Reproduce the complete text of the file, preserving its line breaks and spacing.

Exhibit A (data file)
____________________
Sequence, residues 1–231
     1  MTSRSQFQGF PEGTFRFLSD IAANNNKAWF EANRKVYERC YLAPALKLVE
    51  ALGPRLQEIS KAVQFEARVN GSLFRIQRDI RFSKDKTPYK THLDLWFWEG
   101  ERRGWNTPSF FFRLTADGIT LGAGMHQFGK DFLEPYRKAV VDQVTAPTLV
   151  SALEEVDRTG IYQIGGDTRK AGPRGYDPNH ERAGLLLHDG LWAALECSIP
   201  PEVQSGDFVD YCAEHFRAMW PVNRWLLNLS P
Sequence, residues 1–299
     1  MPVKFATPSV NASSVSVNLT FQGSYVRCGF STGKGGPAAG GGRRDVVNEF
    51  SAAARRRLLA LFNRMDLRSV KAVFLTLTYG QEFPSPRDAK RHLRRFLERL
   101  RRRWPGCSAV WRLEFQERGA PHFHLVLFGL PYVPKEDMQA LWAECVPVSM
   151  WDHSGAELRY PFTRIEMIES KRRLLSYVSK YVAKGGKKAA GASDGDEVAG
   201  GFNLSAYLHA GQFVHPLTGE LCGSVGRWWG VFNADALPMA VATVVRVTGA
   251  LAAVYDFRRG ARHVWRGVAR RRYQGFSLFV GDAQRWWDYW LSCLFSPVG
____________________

Sequence, residues 1–231
     1  MTSRSQFQGF PEGTFRFLSD IAANNNKAWF EANRKVYERC YLAPALKLVE
    51  ALGPRLQEIS KAVQFEARVN GSLFRIQRDI RFSKDKTPYK THLDLWFWEG
   101  ERRGWNTPSF FFRLTADGIT LGAGMHQFGK DFLEPYRKAV VDQVTAPTLV
   151  SALEEVDRTG IYQIGGDTRK AGPRGYDPNH ERAGLLLHDG LWAALECSIP
   201  PEVQSGDFVD YCAEHFRAMW PVNRWLLNLS P
Sequence, residues 1–299
     1  MPVKFATPSV NASSVSVNLT FQGSYVRCGF STGKGGPAAG GGRRDVVNEF
    51  SAAARRRLLA LFNRMDLRSV KAVFLTLTYG QEFPSPRDAK RHLRRFLERL
   101  RRRWPGCSAV WRLEFQERGA PHFHLVLFGL PYVPKEDMQA LWAECVPVSM
   151  WDHSGAELRY PFTRIEMIES KRRLLSYVSK YVAKGGKKAA GASDGDEVAG
   201  GFNLSAYLHA GQFVHPLTGE LCGSVGRWWG VFNADALPMA VATVVRVTGA
   251  LAAVYDFRRG ARHVWRGVAR RRYQGFSLFV GDAQRWWDYW LSCLFSPVG